Chemical tank cleaning causes rotten odor in downtown Columbus

A rotten smell in the downtown area apparently came from a chemical storage tank at Omega Partners near the Columbus Civic Center, a city official said Tuesday.

Larry Wright, manager of operations at Omega Partners, said workers were cleaning a tank with turpentine.

"It was a little bit more smell today than normal when we were cleaning the tank," he said.

The tank cleaning was complete just after 1 p.m. and the smell should have cleared up, Wright said. He described the smell as a lighter version of what you have at the MeadWestvaco paper mill in Cottonton, Ala.

At least three calls came into the Columbus Department of Fire and Emergency Medical Services shortly after downtown residents smelled what was described as rotten eggs or sulfur, said Fire Marshal Ricky Shores.

Workers with the Columbus Water Works detected the smell while at the Water Resources Facility along Lumpkin Boulevard.

"It seems to be emanating from the state docks tanks that are located down there," said Lynn Campbell, vice president of water resources operations at the Water Works.

Campbell said combined sewer overflow operators detected the smell at about 11 a.m. The Water Works is not connected to the chemical storage tanks, but does operate pumping stations on each side of the area known as the tank farm. The facility is located between the Civic Center and the Civil War Naval Museum at Port Columbus, across from the South Commons softball complex.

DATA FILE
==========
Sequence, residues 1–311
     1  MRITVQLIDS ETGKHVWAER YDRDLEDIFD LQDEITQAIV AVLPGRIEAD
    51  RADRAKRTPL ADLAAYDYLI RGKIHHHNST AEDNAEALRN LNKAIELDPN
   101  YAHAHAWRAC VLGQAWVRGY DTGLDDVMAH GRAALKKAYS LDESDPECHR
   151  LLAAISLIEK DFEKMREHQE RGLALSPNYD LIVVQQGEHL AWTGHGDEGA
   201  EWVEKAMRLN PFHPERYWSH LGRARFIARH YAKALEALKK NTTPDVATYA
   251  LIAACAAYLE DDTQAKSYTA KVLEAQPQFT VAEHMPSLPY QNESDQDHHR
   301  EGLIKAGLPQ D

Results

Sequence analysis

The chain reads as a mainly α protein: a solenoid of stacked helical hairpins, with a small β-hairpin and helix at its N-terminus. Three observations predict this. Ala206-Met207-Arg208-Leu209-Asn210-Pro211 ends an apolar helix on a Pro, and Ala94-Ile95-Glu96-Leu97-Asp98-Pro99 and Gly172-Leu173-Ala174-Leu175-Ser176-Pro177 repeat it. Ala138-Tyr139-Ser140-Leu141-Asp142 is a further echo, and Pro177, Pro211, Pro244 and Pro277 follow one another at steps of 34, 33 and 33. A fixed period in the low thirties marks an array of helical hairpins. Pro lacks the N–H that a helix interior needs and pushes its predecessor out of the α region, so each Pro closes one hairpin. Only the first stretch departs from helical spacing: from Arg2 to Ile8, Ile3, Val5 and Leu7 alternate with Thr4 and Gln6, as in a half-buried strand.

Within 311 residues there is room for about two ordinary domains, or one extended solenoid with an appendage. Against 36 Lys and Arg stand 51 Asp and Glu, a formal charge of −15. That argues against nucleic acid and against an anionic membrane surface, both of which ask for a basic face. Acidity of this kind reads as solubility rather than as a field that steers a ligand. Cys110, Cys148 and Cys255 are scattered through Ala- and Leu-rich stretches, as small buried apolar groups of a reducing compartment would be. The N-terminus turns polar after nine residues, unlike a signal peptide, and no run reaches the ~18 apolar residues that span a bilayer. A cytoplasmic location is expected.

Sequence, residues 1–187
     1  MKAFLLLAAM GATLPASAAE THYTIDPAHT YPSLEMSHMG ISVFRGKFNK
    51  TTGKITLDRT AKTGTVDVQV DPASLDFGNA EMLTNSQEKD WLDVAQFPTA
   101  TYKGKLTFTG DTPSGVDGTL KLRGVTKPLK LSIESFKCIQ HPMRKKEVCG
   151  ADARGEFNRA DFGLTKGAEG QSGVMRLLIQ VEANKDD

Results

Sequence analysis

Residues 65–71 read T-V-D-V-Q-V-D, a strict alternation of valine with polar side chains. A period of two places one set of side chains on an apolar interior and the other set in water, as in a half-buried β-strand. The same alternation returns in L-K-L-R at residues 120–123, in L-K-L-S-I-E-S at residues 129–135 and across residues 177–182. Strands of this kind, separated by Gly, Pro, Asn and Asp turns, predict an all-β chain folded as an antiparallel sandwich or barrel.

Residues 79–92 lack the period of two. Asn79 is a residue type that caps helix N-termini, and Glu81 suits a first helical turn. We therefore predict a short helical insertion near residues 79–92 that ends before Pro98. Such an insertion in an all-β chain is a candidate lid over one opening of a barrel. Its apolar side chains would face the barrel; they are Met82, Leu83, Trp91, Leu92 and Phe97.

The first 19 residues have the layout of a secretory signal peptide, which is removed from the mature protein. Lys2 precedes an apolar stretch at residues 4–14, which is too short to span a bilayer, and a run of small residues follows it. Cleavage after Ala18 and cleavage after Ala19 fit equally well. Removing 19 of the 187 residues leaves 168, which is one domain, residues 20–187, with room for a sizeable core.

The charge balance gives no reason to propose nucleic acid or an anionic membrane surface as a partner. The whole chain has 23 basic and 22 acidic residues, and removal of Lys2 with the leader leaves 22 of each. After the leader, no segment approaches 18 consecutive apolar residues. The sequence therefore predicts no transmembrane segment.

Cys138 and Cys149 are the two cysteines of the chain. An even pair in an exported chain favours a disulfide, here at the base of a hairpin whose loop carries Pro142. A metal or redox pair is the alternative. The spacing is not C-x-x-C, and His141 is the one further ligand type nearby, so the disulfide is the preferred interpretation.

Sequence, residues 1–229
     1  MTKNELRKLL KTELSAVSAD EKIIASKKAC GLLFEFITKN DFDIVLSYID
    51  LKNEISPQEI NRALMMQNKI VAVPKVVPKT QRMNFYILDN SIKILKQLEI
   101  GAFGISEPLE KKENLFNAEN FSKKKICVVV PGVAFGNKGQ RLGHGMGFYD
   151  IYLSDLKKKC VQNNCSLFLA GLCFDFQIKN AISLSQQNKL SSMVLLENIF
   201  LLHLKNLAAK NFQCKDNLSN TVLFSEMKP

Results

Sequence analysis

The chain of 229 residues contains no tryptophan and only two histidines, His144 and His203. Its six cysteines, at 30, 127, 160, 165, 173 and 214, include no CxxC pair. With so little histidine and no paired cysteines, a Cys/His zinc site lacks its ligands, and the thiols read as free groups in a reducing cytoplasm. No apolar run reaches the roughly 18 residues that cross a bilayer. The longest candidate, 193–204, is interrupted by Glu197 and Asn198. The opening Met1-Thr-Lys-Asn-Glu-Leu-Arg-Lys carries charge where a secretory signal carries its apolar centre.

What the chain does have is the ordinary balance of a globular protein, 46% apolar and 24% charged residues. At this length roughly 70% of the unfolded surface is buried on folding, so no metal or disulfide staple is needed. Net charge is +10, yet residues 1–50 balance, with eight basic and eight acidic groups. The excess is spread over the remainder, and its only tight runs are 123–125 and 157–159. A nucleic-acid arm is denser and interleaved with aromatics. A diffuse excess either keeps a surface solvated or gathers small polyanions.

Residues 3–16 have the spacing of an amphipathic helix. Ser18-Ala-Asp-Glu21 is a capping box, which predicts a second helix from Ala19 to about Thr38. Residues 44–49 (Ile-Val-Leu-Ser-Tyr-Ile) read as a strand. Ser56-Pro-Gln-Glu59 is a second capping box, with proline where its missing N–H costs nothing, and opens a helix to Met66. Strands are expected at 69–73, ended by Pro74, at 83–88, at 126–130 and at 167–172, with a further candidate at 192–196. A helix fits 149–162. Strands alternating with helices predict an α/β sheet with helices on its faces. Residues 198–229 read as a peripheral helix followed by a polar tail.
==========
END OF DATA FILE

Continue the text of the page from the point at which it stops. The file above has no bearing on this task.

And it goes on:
During heavy rain, the pumping station near the Civic Center pumps sewage to the other side.

"We have operators down there and they detected an odor," Campbell said. "We are not on line. There is nothing coming from us."

Shores said the chemical poses no health risk unless it's used in fully concentrated amounts.

"It's going to evaporate especially on a day like today," he said. "I wouldn't think it would pose an undue health risk."

Turpentine is used to clean walls of the tank. The weather may have been a factor with winds blowing out of the southwest Tuesday morning. "That would drag it and push it across downtown," Shores said of the wind.

The chemical evaporates quicker when the sun is up. "It depends on weather conditions," he said. "It just had to do with humidity and cloud cover."

Shores described the smell as similar to a gas leak, one that hangs around longer when it's cloudy.

Wright couldn't say when the company will clean a tank again. "This is not something that happens too often," he said.